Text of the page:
Dissociative fugue is what makes up mysteries. Apparently from nowhere or sometimes after a trauma, a person forgets who he is, where he came from, and other facts about their identity.
An individual can also seem to vanish from their life and from their familiar patterns. However, the condition is a very real psychiatric illness.
One of the most well known examples of a possible dissociative fugue is Agatha Christie’s. The mystery writer suddenly disappeared from her England home on 3 December 1926. Her car was found the next day, with the headlights on and all her belongings inside.
Eventually Christie was discovered in a health spa where she had checked in under a name. She never mentioned this episode again and no explanation for her disappearance has ever been given.
What is dissociative fugue?
A dissociative fugue is a type of dissociative amnesia in which a person forgets who he or she is.
Apart from the amnesia, anyone with a dissociative fugue encounters a sudden and unexpected travel episode. The word “fugue” comes from the Latin words for “run” or “flee.” This state of fugue can last from hours to months, or even even longer.
The state can be a way for one to get away from a painful or traumatic situation. However, a genuine dissociative fugue is not a state of composition. Nor is a dissociative fugue a deliberate effort by an person to escape a difficult situation.
The signs of a dissociative fugue can hardly be observed. A person may act or appear normal in the middle of one, or may act just slightly confused.
An person who has a dissociative fugue may not want to draw attention to him or herself and may simply disappear.
Other dissociative fugue signs can include:
- emotional detachment
- confused identity
- going somewhere unusual
- experiencing severe stress at work
- suddenly avoiding places
There are three types of amnesia or forgetfulness connected with a fugue state.
1. Localized amnesia: When a person is unable to recall a specific event, event, or time period. The forgotten phase is typically a painful or stressful time and has consistent beginning and stopping points. People can experience a memory loss in more than one episode.
2. Selective amnesia: The person just forgets some or part of the events that took place.
3. Generalized amnesia: when a person forgets who they are and where they come from, generalized amnesia refers. The person forgets their life history entirely, often including the skills they learned. Such form of amnesia is rare but is the most common in those with serious trauma, such as combat veterans or sexual assault victims.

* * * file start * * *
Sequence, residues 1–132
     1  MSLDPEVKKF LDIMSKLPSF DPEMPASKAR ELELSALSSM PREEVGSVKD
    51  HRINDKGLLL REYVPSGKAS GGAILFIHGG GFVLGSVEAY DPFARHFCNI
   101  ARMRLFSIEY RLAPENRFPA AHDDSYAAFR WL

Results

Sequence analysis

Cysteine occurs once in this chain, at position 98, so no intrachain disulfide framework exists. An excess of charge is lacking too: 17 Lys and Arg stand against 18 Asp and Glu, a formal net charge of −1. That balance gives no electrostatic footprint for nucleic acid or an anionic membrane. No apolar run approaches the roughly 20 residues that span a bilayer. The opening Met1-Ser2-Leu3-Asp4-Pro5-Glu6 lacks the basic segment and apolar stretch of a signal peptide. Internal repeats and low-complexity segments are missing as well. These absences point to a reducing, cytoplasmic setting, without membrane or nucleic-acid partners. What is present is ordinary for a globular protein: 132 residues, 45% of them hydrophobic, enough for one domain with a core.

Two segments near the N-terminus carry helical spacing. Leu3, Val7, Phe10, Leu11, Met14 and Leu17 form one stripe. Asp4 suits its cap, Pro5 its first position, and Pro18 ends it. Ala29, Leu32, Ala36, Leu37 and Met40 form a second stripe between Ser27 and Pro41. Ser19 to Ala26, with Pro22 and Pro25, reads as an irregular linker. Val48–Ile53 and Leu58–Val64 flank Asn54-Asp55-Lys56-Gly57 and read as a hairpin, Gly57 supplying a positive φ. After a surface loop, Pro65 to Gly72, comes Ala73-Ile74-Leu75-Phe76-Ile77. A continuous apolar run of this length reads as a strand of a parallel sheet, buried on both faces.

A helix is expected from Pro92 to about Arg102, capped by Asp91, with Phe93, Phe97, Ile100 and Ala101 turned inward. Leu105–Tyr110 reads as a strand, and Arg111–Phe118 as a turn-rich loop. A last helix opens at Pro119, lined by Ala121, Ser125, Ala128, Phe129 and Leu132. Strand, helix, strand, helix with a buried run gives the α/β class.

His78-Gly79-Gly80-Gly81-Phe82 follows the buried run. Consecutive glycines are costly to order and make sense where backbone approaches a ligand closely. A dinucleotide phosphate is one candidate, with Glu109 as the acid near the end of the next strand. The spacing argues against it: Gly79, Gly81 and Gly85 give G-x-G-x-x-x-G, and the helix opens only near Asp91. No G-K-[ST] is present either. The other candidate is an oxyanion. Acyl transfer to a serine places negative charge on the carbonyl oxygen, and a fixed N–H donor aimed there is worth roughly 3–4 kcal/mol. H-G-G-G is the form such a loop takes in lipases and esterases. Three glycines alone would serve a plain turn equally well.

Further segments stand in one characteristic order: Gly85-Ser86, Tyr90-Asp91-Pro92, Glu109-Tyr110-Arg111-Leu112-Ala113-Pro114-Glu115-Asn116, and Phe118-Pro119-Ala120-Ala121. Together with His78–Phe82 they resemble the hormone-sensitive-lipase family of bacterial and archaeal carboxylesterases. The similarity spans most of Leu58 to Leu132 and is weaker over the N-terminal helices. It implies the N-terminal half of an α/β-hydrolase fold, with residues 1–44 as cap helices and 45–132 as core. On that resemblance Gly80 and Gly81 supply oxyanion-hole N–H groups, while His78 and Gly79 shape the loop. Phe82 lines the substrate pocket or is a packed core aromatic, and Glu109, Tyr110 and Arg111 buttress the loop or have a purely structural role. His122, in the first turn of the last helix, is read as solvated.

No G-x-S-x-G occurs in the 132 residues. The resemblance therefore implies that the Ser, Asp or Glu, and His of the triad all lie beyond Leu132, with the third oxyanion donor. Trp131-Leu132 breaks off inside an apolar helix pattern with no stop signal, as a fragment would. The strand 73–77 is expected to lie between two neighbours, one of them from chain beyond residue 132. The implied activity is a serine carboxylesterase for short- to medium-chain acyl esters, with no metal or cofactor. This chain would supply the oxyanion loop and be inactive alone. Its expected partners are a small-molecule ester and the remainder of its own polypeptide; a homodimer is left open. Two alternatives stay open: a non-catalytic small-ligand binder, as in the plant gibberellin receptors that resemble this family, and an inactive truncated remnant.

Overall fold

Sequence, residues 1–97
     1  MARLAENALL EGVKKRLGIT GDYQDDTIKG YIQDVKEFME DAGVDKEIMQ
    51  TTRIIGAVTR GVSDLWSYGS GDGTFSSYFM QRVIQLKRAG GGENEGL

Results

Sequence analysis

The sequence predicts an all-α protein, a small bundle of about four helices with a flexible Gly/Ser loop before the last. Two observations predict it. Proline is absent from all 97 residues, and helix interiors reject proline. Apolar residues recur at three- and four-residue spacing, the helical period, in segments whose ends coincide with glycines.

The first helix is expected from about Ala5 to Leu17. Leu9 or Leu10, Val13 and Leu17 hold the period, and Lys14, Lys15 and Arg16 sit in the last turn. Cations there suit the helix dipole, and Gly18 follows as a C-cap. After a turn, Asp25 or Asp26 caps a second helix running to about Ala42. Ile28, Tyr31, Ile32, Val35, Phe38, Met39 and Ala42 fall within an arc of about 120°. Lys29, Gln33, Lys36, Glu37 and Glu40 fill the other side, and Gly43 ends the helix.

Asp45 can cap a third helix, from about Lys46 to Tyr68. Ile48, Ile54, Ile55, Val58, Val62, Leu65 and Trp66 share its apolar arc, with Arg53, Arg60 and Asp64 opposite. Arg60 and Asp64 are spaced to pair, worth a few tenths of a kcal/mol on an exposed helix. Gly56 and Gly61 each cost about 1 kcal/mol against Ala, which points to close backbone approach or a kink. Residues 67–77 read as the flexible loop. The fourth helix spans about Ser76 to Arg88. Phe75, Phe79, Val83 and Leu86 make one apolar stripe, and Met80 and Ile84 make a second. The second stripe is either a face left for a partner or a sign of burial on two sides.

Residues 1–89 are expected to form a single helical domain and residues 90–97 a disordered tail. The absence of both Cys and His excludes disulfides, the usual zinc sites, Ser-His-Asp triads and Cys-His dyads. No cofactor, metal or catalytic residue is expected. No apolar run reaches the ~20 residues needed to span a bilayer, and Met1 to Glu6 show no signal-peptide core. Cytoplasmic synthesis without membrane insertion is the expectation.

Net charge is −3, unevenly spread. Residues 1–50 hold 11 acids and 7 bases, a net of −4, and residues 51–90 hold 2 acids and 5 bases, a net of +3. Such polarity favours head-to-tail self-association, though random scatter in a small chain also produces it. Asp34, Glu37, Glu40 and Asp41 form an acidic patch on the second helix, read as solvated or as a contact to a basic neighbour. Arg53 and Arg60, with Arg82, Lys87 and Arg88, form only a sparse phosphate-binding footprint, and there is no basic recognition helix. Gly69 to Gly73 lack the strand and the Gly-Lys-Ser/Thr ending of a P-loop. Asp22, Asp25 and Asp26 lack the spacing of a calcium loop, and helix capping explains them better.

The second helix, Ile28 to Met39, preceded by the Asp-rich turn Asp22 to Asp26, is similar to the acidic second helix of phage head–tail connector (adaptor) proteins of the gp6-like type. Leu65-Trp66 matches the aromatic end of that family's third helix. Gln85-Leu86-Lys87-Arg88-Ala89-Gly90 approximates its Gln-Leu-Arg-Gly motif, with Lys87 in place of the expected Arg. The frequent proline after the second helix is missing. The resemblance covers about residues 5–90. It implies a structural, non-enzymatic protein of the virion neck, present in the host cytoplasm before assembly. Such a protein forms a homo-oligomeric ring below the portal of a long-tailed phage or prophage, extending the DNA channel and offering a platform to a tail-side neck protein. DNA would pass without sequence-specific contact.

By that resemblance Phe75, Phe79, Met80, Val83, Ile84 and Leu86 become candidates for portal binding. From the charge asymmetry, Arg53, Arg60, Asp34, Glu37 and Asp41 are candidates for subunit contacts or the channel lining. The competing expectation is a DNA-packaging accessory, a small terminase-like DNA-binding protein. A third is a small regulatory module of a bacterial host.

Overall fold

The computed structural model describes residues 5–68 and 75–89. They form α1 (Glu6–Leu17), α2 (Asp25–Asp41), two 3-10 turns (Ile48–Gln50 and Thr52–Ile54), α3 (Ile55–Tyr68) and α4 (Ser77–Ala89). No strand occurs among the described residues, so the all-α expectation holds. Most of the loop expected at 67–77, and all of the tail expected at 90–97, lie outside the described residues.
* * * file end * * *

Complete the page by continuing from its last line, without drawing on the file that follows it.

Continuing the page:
After the fugue is over, the person appears to find him or herself in a new position in life with no recollection of how they got there or what has happened afterwards.
This return to normality may leave a person embarrassed, uncomfortable and frightened.
By general, but not always, a dissociative fugue is caused by a traumatic event, such as:
- natural disaster
- long-term physical or emotional abuse
Those events should not have happened to the fugue-affected individual. Witnessing these things can be so traumatic as to cause a dissociative state.
Diagnosis of this condition typically takes place after the fugue has ended and after the person involved has explained what happened to them.
Someone who has had or may have had a condition of fugue will see a doctor immediately for evaluation.
To rule out a medical cause for the case, such as epilepsy or other seizure condition, the doctor may prescribe a detailed physical exam and medical history.
If no other cause is identified, the individual will be referred for a psychological examination with a psychologist.
A dissociative fugue is an acute occurrence, which is not chronic in most situations. However, in many situations, amnesia associated with an incident and fugue state will occur, even after the fugue has ended.
Treatment should concentrate on helping the patient cope with what has happened and determining what has caused the fugue disorder. This form of therapy is achieved by working with an skilled, trained therapist to support people through traumatic events.
- Cognitive therapy or “talk therapy” is essential to help the person deal with their thought patterns surrounding the event, and to build up appropriate coping mechanisms, moving forward.
- Hypnotherapy has been used to help patients recover lost memories, and to work through them.
- Creative therapies, such as art or music, help people explore their thoughts and emotions in a creative, safe way. It also helps a person regain a sense of self-control after a fugue state.
- Group therapy can provide ongoing support for the person, as they move through their recovery.
- Family therapy can help to supplement the treatment and help a person’s family move forward and heal after the fugue state.
Antidepressant or anti-anxiety medications can be required as the individual starts recovering from what has happened.
Several other mental health problems are associated with dissociative fugue and possibly the traumatic event that caused it, including:
- post traumatic stress disorder
- sleep disturbances
- drug or alcohol use
- suicidal thoughts
It is necessary to see a medical professional as soon as possible, because of the seriousness of this condition and the complications associated with it.
A medical professional should be consulted if a loved one shows odd behaviour, symptoms of confusion or memory loss. It is especially true after a traumatic event.
The outlook for someone who has had a dissociative fugue is excellent and increases after initiation of therapy.
Although certain people recover their memory, those with dissociative fugue can never fully recall the events that happened during that period of time.